Posts Tagged ‘quilters’

Just Hanging Around…Quilts from Books, by Staff

Friday, July 19th, 2013

 To celebrate mid-Summer (what’s a Dog-Day, anyway?) here are snapshots of three amazing quilts that are hanging in the Store — right now. We secretly think they might be even nicer than the original quilts on which they are based… but come see and let us know what you think. Apologies for the quality of the photos, taken with an iPhone today.

1.

“Fire Drill,” by Leah Brown

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  This pattern appears in Modern Patch Work, by Elizabeth Hartman.

(Quilting by Kathy Ritter)

 

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(Detail)

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2.

“Tic Tac Wall Quilt,” by Kathy Ritter

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 from a pattern in Cozy Modern Quilts, by Kim Schaefer.

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(The Magic is in the Details)

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3.

“Riverbank,” by Kathy Ritter

From a pattern in Modern Blocks,

by Susanne Woods.

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Thank you for letting us share with you all!

 

Threads for Your Machine Quilting

Monday, June 10th, 2013

blendables_spoolThe question came up again this week about the difference between 30wt and 12wt thread, and which is better for machine quilting. Our initial search was based on a well dispersed but yet unproved rumor that thread weight is a measure of “miles of thread per mile.” [Note: An easily distracted person should not Google “miles of thread per pound” as every noun in the phrase has multiple meaning that call up dozens of hits – very entertaining, but not very enlightening].

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We went looking for information again, and found lots of it. Mary Mashuta’s book Foolproof Machine Quilting has a good section on threads and needles for machine quilting, as do several other books on our shelf. From there we went to the thread manufacturers. Some of what we found was facts and some was opinions, of course. Sulky.com had lots of information on these two weights, including suggestions to use the heavier thread in the bobbin, to use the heavier thread in the top, and to use the lighter thread instead. There’s also a link about parallel weights in cotton, rayon and blends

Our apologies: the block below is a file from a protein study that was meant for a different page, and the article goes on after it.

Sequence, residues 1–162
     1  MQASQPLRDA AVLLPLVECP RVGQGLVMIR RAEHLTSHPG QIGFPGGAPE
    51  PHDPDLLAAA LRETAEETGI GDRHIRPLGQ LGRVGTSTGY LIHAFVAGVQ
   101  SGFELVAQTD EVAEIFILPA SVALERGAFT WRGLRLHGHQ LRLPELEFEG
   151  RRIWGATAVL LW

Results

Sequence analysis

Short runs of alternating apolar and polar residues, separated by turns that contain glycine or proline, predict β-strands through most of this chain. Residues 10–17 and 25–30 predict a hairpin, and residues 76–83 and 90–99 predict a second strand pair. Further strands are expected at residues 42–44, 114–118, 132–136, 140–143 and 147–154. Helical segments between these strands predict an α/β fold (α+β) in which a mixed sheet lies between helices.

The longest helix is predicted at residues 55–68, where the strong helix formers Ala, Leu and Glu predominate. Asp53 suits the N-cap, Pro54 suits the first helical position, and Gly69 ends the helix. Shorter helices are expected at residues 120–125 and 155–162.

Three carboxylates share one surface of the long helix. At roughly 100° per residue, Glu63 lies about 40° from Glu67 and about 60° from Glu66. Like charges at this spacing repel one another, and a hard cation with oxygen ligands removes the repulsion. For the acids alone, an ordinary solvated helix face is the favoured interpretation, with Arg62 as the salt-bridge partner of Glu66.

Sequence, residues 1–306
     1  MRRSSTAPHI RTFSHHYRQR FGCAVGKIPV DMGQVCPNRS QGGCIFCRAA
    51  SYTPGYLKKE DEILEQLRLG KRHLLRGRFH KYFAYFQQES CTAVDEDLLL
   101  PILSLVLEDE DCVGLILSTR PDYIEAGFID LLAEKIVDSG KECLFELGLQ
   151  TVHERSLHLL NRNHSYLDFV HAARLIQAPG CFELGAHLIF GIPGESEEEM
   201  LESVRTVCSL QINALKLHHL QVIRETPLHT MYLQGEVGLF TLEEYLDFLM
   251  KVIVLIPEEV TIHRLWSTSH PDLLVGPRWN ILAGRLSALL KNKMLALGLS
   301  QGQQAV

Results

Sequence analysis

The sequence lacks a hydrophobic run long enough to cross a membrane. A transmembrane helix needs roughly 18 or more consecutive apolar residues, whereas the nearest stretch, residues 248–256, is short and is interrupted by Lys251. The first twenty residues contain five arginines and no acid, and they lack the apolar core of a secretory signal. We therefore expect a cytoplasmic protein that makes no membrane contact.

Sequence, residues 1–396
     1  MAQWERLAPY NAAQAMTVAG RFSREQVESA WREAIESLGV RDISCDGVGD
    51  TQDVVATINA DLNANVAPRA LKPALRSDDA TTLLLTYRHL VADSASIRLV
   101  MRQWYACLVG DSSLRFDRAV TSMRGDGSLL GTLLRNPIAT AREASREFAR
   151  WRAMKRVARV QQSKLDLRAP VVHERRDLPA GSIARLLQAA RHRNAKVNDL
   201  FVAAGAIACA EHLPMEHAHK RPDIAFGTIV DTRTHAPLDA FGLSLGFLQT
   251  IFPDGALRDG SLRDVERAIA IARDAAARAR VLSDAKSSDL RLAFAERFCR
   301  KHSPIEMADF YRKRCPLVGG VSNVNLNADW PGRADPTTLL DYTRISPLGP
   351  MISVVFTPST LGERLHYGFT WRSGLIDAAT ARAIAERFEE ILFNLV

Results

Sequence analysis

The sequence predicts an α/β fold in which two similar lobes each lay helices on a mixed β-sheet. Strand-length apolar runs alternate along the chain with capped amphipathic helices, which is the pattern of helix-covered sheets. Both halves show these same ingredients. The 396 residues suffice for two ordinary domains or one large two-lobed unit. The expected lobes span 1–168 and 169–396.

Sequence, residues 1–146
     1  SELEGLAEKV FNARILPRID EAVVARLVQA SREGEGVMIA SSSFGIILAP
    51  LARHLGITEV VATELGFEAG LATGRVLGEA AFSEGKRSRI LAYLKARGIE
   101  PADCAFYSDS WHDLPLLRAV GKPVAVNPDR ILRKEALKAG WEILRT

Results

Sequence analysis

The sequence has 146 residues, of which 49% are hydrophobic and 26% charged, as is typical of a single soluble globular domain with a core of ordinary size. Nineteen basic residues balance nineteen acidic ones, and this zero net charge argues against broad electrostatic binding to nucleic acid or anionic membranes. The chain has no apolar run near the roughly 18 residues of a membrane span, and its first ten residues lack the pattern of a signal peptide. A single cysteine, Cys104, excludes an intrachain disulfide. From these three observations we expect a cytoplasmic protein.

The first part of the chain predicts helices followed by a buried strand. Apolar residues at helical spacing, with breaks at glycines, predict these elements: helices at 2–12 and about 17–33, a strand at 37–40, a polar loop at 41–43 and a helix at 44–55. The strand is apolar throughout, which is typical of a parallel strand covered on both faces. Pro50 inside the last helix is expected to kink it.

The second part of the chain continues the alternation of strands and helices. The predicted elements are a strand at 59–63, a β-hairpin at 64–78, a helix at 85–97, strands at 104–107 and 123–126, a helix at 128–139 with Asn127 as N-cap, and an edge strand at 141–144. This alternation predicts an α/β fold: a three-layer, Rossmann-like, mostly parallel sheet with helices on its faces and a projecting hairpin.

Superior Threads (King Tut) offered a thoughtful essay  on the differences and how you can make an informed choice.
At the risk of spoiling the suspense, we think the last point of the Superior Threads essay is the best suggestion:

“Ignore the weight number on the label. Choose thread based on the type of fiber, look, feel, and thickness and not by the printed weight size. Trust your eyes and fingers more than the label. You’ll get better results and be much happier with your selection. Choose fine threads to blend and medium and heavier threads to show.

 

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Top thread broken, bobbin thread through needle. How?

We’d love to hear from you about your experience with these threads and others. You can comment here, or post your thoughts on the “New Pieces – Get it Done” Group*. We’re all in this together — and there is no philosophy that says that we can’t share each others experience and learn from each others’ mistakes.

 

*The “Get it Done” Group is an unstructured place to ask advice and show off your product AND your process. Come play with us!

Important Rules from Singer – circa 1949

Tuesday, September 6th, 2011

The following rules for sewing were recently found on the Internet, and posted in the New Pieces bathroom, by Sharona Fishrup:

I apologize for the poor quality of the photo,  taken with a “smart” phone. While it’s true that an organized workspace helps one be creative and work more efficiently — few of us could ever sew if all these requirement were prerequisite.  And no, New Pieces does not carry bags of French chalk for your fingertips.

Imagine how life has changed over the last 62 years — and what future quilters will say about us in another 62 years!

Blogging with Friends…

Thursday, July 28th, 2011

A few days ago Sharona received a very nice note from her friend Jaye, with a link to Jaye’s blog, Artquiltmaker Blog. We were pleased to be mentioned in Jaye’s blog, more pleased that she enjoyed her visit, and especially pleased that she let us know about it.

If you are a friend of New Pieces and have a blog, let us know and we’ll get a list going so more folks know about the work you are putting into it. Blogs are just one more way for quilters to learn from one another. As always, I’m reminded of how generous quilters are with their time and expertise.

You can leave your URL in the comment section here, or email it to me at rags1927@gmail.com.

Thanks, as usual. Heather